It leaves people bed-bound and drives some to suicide, but there's little research money devoted to the disease. Now, change is coming, thanks to the patients themselves.
It's getting difficult to untangle all the different layers of deception.
Amidst the no-shampoo revolution, a look at global hygiene habits
The future of birth control, from remote-controlled implants to—at long last—a pill for men
The idea that tough men can't wear skirts is an oppression that goes back beyond recorded history to the animal kingdom itself.
The Jennings finally made up. By suffering together through an amateur root canal.
Very few people are truly tone-deaf. Most just need to practice, a new study finds.
Scientists thought a rare respiratory virus was what caused dozens of kids to lose feeling in their limbs last fall, but now the connection is less certain.
Why thyroid diseases are so common—and still so mysterious
A recent analysis of all the possible causes of skyrocketing obesity rates reveals two big culprits: wholesalers and restaurants.
Can Philip and Elizabeth's marriage survive the third season?
A tone-deaf Atlantic article from 1939 serves as a cautionary tale today.
Even within a single state, the cost of an MRI might vary by hundreds of dollars.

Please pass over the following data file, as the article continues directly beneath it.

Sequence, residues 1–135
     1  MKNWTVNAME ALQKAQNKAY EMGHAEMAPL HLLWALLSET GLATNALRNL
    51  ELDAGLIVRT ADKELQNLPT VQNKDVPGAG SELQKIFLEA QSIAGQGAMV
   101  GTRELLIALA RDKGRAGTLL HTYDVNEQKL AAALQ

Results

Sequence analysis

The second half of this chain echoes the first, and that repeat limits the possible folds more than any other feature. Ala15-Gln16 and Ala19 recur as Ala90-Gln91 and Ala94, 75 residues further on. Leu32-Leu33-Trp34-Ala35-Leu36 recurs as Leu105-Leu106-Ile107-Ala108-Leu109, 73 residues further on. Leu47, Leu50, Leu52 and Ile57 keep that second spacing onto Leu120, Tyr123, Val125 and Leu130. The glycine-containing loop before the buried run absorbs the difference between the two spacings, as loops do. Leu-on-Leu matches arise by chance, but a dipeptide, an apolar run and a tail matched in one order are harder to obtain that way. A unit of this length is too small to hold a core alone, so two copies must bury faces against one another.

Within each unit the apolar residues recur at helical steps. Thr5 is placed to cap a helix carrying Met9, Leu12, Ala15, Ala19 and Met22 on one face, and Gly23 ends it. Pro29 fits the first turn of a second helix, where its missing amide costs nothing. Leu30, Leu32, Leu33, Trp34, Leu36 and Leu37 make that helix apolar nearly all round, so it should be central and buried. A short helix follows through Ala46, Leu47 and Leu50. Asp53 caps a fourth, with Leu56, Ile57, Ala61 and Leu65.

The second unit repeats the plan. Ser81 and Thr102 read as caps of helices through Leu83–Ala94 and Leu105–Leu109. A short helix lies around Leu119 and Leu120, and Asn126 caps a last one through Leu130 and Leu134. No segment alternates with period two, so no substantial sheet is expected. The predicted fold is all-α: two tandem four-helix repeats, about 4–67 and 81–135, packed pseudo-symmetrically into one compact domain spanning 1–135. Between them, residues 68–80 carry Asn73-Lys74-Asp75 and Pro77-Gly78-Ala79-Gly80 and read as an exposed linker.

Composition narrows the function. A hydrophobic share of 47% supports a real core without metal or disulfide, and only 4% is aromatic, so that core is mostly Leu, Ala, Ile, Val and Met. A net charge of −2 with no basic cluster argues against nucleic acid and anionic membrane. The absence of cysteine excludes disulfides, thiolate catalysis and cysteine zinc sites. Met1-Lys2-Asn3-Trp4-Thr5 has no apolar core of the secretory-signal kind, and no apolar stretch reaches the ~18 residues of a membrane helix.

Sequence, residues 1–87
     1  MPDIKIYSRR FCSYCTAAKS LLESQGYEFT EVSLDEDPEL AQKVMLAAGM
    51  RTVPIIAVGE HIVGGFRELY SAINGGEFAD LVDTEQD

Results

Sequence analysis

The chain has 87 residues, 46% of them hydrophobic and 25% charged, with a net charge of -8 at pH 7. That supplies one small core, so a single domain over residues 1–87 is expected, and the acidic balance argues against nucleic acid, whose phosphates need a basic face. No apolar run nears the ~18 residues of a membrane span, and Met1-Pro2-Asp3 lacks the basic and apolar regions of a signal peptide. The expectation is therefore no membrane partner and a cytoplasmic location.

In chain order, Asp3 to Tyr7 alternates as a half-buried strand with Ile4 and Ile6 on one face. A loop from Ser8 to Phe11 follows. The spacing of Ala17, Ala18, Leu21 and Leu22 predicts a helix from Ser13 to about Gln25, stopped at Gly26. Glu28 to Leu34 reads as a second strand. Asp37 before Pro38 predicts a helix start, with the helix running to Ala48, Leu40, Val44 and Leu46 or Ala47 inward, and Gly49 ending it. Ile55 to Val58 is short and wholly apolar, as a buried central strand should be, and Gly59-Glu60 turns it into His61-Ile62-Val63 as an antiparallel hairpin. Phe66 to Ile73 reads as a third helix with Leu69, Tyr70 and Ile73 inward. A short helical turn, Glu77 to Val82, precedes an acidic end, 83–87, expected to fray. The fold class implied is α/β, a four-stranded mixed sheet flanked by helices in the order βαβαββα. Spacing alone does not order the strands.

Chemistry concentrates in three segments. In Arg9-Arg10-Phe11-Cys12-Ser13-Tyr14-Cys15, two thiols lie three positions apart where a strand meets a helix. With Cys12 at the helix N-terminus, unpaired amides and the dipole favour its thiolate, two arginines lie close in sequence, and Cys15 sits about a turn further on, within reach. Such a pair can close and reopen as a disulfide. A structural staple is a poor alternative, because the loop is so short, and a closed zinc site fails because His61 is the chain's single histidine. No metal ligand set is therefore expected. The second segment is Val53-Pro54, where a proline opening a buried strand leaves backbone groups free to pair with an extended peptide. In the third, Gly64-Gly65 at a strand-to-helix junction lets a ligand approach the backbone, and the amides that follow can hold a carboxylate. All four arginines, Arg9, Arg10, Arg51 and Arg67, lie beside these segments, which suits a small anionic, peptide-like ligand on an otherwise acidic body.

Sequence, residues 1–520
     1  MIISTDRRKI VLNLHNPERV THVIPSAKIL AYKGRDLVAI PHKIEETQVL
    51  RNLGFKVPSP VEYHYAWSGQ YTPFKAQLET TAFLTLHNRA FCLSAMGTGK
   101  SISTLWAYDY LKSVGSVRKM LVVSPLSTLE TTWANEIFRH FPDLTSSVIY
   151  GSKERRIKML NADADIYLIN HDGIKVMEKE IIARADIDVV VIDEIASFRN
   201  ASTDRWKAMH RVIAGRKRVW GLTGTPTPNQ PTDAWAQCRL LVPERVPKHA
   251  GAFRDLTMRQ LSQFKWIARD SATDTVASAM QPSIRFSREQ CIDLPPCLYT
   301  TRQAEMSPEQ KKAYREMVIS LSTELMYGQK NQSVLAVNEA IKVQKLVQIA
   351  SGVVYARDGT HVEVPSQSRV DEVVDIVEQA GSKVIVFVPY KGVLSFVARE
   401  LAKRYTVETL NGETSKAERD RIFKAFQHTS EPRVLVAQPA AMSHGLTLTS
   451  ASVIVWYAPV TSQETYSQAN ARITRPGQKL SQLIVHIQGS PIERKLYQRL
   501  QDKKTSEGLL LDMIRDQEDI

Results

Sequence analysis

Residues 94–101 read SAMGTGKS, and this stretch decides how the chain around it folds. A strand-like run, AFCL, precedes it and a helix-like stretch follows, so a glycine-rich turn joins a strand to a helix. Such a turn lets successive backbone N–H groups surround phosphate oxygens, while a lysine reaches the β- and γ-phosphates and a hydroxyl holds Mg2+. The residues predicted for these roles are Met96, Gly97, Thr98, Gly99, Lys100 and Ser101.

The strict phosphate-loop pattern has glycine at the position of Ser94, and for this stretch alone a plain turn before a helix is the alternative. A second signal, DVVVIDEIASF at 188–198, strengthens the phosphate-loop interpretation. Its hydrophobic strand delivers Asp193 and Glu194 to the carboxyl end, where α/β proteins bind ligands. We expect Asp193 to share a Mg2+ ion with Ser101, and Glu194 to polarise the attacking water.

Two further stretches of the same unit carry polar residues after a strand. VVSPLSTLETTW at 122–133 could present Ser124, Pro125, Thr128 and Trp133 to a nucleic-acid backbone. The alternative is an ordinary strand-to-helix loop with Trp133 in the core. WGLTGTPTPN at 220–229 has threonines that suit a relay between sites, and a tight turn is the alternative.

How the "alligator pear" went from obscure delicacy to America's favorite fruit
The packed third-season premiere threw viewers (and Paige) in at the deep end.
Obamacare was supposed to put an end to denying coverage based on pre-existing conditions. But a new study suggests insurers are finding ways to accomplish the same thing through drug pricing.
Making amends with those who trespass against us yields a number of physical and mental benefits. Sometimes even victims of the worst crimes can find solace in letting go.
Why the American Academy of Pediatrics wants to change the drug's illegal status
I drove from one of the healthiest counties in the country to the least-healthy, both in the same state. Here’s what I learned about work, well-being, and happiness.
Some women in Greek life want to host more college festivities to regain control over alcohol consumption. It's worth trying, but it may not fix everything.
People who gaze at an object in the distance go faster and feel less exertion than those who let their attention wander, a study suggests.